BlackRock chief warns of inflation as staff get 8% pay rise
BlackRock chief executive Larry Fink warned the United States should prepare for a period of higher inflation as the world’s largest asset manager gave the majority of its employees a pay rise by 8%.
The forecast came a day after figures showed that the U.S. consumer price index rose in June at the fastest pace in more than a decade, stoking fears the economy was overheating.
“We are used to inflation below 2%,” said Fink, who did not rule out inflation remaining above 3% thanks to a mix of higher energy costs, supply chain disruptions. global economy and the Federal Reserve’s focus on job growth.
“In conversations with business leaders, they see rising commodity prices and some are increasing their prices and wages,” Fink told the Financial Times.
BlackRock announced base salary increases for all employees up to and including director level, as well as second quarter earnings that far exceeded analysts’ expectations.
Taking advantage of the rebound in equity markets, BlackRock’s assets under management hit a record $ 9.5 billion. Revenue increased 32% to $ 4.8 billion, beating expectations of $ 4.6 billion, thanks to strong organic growth and higher performance fees.
Net income climbed 14% to $ 1.38 billion, while adjusted earnings per share stood at $ 10.03, beating the $ 9.48 expected by Wall Street.
Fink said the decision to increase the base salary of nearly 95% of its 16,500 employees reflected a desire to share in the benefits of the group’s growth, rather than a reaction to the broader inflationary pressures that staff might face. to be confronted. The increase will take effect in September.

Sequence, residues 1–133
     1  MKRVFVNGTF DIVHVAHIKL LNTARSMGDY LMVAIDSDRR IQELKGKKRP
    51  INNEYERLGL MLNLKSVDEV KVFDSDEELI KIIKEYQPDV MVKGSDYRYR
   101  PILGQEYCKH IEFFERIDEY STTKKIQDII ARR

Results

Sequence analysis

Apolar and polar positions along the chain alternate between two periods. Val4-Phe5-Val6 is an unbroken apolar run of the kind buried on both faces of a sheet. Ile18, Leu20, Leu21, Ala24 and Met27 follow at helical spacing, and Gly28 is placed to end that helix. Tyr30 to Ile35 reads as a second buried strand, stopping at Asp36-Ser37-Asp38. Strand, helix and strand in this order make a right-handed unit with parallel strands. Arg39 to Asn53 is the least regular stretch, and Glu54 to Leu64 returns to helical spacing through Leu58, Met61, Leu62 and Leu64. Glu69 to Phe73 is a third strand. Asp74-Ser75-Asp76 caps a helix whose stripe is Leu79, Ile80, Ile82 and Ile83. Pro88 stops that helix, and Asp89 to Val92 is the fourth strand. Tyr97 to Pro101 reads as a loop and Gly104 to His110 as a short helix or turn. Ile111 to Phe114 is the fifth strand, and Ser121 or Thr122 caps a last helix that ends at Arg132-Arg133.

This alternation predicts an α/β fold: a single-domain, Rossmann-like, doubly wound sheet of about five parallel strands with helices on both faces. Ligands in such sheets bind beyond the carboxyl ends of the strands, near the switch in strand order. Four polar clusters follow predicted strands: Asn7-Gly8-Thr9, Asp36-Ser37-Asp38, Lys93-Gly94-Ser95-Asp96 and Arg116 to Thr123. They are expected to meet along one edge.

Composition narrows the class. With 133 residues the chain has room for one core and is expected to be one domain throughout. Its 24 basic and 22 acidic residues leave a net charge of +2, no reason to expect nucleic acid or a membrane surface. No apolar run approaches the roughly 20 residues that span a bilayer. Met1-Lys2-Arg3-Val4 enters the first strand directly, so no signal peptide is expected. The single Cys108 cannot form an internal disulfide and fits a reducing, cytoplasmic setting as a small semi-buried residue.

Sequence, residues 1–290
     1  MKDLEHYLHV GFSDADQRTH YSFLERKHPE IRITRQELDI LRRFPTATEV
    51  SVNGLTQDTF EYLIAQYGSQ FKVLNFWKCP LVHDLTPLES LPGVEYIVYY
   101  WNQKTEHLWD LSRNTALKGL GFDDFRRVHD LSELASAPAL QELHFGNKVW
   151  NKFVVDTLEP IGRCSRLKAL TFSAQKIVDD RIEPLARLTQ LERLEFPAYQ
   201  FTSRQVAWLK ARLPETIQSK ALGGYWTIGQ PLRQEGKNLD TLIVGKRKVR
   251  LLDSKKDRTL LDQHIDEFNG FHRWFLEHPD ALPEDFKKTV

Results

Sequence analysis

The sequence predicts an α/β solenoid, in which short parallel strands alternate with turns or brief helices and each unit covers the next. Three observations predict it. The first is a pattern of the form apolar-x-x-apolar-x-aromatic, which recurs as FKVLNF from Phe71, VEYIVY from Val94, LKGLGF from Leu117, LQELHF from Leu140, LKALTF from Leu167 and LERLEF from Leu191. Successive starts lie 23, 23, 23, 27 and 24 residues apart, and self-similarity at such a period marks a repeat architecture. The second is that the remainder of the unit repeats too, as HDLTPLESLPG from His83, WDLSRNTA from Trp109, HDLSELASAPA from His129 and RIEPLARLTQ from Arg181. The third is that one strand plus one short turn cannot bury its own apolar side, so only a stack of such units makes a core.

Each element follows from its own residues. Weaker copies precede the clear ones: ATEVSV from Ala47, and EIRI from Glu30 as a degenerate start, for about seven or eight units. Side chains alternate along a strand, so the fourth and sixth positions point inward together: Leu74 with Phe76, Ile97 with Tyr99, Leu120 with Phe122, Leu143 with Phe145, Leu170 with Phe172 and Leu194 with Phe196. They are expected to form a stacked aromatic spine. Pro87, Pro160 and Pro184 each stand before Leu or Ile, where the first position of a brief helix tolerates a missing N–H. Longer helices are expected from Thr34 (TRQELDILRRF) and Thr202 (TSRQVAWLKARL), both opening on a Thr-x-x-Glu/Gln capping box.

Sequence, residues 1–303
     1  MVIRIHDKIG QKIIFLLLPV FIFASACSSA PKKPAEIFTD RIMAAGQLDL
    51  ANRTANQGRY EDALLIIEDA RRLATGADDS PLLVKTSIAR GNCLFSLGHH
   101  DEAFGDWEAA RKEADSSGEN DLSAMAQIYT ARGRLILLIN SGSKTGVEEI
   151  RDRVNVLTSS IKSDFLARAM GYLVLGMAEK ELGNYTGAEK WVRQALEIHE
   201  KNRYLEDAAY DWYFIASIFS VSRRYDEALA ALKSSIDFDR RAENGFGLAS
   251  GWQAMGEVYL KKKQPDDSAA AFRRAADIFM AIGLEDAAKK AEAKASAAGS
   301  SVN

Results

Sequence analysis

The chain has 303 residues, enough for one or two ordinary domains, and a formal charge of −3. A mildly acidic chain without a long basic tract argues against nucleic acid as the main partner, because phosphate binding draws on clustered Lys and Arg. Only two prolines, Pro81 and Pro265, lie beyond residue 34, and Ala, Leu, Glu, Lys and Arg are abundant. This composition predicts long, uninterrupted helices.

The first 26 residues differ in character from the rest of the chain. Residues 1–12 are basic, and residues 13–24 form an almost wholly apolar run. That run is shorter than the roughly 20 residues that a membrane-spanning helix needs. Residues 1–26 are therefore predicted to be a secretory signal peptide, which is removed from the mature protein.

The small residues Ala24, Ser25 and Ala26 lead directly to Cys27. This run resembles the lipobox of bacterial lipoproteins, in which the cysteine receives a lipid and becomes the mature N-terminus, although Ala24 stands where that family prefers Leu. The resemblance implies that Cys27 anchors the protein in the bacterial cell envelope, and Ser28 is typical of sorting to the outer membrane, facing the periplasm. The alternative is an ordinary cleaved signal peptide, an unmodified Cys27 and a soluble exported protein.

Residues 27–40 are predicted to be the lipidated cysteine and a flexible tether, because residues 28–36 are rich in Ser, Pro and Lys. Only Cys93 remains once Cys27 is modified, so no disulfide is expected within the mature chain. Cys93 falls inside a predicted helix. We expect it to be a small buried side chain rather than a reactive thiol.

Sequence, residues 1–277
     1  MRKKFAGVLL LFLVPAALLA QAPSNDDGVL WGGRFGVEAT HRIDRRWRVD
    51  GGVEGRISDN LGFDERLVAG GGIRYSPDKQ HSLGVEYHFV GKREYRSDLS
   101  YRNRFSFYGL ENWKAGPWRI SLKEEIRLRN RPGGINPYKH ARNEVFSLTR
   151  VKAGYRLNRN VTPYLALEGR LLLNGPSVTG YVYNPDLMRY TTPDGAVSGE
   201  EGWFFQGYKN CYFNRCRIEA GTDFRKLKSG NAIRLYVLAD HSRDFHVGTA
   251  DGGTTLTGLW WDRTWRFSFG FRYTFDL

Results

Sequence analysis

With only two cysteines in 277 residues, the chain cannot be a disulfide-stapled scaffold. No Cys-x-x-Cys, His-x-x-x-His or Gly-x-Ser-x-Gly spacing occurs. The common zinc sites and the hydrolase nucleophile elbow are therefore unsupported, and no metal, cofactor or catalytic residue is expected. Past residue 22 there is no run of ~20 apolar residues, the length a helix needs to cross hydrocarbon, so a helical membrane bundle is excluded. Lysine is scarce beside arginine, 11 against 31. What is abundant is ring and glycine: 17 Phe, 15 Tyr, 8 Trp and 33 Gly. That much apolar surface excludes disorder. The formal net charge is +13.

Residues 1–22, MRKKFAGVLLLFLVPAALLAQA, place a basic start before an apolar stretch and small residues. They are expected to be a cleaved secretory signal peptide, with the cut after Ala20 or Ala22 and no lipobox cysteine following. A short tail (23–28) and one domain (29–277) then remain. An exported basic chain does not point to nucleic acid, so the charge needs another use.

BlackRock’s boom was underscored by its operating margin, which climbed 40.1% in the quarter from 38.5% a year ago.
Although assets under management set a new record, net inflows of $ 81 billion for the three months to the end of June ended a four-quarter streak in which they had surpassed $ 100 billion.
Long-term investment flow, a measure that excludes cash management, was $ 60 billion, below the $ 94 billion expected by analysts. A client of a US pension fund withdrew $ 58 billion from a stock index warrant during the quarter.
“While the loss of retired clients weighed on the overall flow number, the underlying trends were strong,” said Kyle Sanders, analyst at Edward Jones.
Wall Street remains optimistic about BlackRock’s long-term growth prospects given the substantial lead it holds over rivals in ETFs and technology services through its Aladdin platform. Like its competitors, the group is also targeting the development of investments in the environment, social and governance.
BlackRock’s iShares franchise assets exceeded $ 3 billion for the first time in May. Net inflows for the quarter reached $ 75 billion, up from $ 51 billion a year ago. The asset manager told investors in June that he expects the current global $ 9 billion ETF market to climb to $ 15 billion by 2025.
China remains another important area of long-term growth for the group, as Beijing opens the country to foreign fund managers.
BlackRock obtained approval to operate as an asset manager in a joint venture with China Construction Bank and Singapore state fund Temasek during the quarter. Last month, he became the first foreign asset manager to gain approval to start a wholly-owned mutual fund business in China.
“BlackRock has invested in the region and has spent time building relationships that will help it become a major asset manager in China,” said Craig Siegenthaler, analyst at Credit Suisse.
Shares of BlackRock, which closed at a record high this week, fell 4% in New York exchanges. The stock has climbed 21% this year, topping the S&P 500’s 16.7% gain.